Look at that thing. Just look at it.
Do you know what this little piece of kit means for me? Allow me to describe…
For many years now I have been attempting to record, arrange and produce my own songs, and throughout that time I have come to roadblock after roadblock.
I first started recording tracks when I was 18. I had a headset microphone that I used to record everything: vocals, guitar, bass… My microphone technique extended to ‘not overloading the mic’, and I suppose that was all I needed to know at the time. I also liked to pilfer drum samples from various sources on the internet, some with terribly low bit rates, but I could barely tell the difference between a 128kbps MP3 and a .wav file. Such young ears!
Not long before the start of my ‘YouTube era’ I made use of a cheap dynamic microphone (bought cautiously with student loan!) that I had to plug directly into my PC using a 1/4 inch jack to mini jack adapter. It made for an unpredictable sound. It wasn’t a very stable connection so if I shuffled too much it’d come out in the recording as big old spikes of static. I’m not even sure if it improved a great deal on the range of frequencies I had with the headset mic, but it was progress.
It took me some time to work out that my ears weren’t very discerning. I thought EQ-ing was just a case of boosting the last two ‘faders’ on my audio editing software and leaving it at that. Granted, that was probably a reasonably good option considering my lack of high frequencies… But I didn’t really understand the art of it. And then once I did, I found my tools to be frustratingly limited. Some evenings I would listen so hard to a mix, trying to work out how to reach my sonic ideal, but feeling as though I had become deaf to music and hearing only noise.
With that ‘deafness’ I felt the desire to grant myself the title ‘producer’ was far too lofty an ambition. I figured I just didn’t have ‘it’, whatever ‘it’ was. The Golden Ear, the genius of sonic craft. I would listen to mixes created by my ever so talented musician friends and felt like banging my head against my laptop keyboard. What was I doing wrong? I read up on production techniques online, and although I was then equipped to shave off tiny parts of the rock I was trying to sculpt, it really did feel like I was doing so with a butter knife rather than a hammer and chisel.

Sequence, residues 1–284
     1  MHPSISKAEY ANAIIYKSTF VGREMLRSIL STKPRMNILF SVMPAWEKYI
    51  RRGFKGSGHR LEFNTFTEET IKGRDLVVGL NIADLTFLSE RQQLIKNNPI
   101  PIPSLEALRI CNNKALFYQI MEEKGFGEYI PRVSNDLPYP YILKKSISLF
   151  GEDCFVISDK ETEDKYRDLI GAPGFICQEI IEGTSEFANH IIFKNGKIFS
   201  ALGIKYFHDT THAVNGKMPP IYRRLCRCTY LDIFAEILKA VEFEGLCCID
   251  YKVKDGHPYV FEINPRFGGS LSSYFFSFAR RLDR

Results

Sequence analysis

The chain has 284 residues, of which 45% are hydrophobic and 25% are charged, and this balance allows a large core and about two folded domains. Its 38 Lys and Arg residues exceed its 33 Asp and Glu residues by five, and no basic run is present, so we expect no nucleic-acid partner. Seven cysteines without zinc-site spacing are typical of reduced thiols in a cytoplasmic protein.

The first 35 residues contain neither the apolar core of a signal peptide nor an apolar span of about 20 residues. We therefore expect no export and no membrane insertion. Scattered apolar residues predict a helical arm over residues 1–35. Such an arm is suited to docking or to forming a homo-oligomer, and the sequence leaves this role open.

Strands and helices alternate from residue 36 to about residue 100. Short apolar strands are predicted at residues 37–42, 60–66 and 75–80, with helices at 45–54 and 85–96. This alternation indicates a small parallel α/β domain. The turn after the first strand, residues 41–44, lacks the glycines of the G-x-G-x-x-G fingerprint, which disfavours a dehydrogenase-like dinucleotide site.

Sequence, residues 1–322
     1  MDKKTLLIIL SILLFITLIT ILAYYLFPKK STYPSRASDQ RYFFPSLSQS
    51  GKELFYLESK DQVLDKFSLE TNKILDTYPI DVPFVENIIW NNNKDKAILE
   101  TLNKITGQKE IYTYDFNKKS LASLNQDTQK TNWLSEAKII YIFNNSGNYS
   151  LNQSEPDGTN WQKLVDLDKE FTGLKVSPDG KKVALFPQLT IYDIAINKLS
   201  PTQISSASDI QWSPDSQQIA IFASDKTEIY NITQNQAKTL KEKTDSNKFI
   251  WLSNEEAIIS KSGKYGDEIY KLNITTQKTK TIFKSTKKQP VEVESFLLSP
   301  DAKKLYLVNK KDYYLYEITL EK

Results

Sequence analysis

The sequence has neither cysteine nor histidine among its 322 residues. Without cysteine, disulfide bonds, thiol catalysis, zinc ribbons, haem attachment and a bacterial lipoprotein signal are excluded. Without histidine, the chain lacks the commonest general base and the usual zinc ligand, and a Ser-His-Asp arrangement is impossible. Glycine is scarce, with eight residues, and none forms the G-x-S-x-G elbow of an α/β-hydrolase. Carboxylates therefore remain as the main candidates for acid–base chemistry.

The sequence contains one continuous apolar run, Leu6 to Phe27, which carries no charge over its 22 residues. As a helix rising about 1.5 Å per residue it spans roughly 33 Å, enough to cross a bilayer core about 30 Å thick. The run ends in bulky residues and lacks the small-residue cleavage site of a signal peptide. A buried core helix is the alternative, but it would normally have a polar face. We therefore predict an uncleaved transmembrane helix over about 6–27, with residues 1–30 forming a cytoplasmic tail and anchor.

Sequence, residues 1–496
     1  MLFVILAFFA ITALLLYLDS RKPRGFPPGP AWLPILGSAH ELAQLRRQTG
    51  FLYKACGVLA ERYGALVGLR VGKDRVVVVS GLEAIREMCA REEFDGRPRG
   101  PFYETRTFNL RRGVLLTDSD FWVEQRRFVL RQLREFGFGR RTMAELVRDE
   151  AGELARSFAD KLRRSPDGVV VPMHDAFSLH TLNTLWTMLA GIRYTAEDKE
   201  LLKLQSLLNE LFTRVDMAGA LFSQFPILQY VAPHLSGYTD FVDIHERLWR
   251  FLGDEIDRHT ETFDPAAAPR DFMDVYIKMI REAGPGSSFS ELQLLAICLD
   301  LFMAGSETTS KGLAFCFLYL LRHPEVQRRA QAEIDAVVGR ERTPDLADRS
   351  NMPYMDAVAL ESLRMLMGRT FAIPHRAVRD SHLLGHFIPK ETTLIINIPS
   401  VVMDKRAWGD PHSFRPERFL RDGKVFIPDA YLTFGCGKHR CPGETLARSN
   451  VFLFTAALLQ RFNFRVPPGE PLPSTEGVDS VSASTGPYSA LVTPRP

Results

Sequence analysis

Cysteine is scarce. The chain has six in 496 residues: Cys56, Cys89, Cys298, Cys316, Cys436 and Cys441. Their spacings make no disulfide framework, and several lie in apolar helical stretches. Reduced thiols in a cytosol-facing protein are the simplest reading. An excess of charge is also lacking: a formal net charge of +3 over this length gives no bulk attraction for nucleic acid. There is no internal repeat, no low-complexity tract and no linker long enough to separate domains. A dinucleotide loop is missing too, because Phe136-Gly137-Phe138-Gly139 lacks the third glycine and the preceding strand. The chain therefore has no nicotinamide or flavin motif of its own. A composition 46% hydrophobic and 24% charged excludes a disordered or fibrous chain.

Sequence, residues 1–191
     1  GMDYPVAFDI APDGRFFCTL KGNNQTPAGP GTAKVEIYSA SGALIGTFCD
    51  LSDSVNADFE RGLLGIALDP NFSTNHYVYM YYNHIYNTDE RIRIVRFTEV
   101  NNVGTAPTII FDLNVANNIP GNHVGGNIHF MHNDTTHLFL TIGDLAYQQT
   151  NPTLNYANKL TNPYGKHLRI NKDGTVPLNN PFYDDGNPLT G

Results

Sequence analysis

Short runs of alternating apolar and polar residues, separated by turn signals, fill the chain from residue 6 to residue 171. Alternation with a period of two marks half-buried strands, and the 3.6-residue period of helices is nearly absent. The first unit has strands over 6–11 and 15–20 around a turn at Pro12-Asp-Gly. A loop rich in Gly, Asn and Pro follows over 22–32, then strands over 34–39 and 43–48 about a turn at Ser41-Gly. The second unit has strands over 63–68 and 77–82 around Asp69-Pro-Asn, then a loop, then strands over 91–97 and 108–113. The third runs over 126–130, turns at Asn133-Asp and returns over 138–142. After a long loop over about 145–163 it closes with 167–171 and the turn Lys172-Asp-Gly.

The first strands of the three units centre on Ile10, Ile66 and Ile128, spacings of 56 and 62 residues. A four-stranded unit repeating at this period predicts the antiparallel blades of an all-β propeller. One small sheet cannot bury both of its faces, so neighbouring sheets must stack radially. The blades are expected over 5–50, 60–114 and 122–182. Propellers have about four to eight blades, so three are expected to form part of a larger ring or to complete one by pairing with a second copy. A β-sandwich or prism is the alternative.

And then, equally as suddenly as my journey to that point had been gradual, my circumstances changed. My husband, lovely and supportive as he is, bought me a mixing desk for Christmas 2010 (not to mention a sustain pedal for my keyboard!). It meant I didn’t have to plug my mic into my poor laptop any more… and the sound was so much clearer than it had been, but I still felt frustrated.
I still needed one more thing: a new microphone. A good microphone. One designed to pick up the subtleties of the voice and the tiniest pattering of the fingers on the body of an acoustic guitar. I wanted my mixes to sound the way my ears hear. I wanted to capture the music of the natural and the ordinary in all its shimmering detail and guttural rumblings. There was just so much beauty in sound, but I had no means to chase it down and tame it.
But today? Today I have claimed my prize. Three prizes, to be precise. Household budget now factors in my terribly expensive career choice (hobby..? obsession..?). I got a new XLR lead (F to M this time, as opposed to ending in a jack), a shock mount, and to go with it the most beautiful piece of equipment I’ve probably ever owned: a condenser mic. One manufactured for the main purpose of recording vocals, acoustic instruments, and the overhead sounds of a drum kit (not that I think I’ll be using it for the last one…).
I tried it out this afternoon, just messing about with some guitar bits and humming a little, and it seemed to intuitively know which sounds I wanted it to pick up and which ones I’d rather it sweep under the recording rug. I still needed to fiddle with the EQ afterwards since I haven’t worked out the best positioning, but the response I got out of the recording when I did was incredible.
I’ve decided it must be alive, and it likes me. It is my pet mic-ie and I love it. I shall name it.
I’m calling it Patience.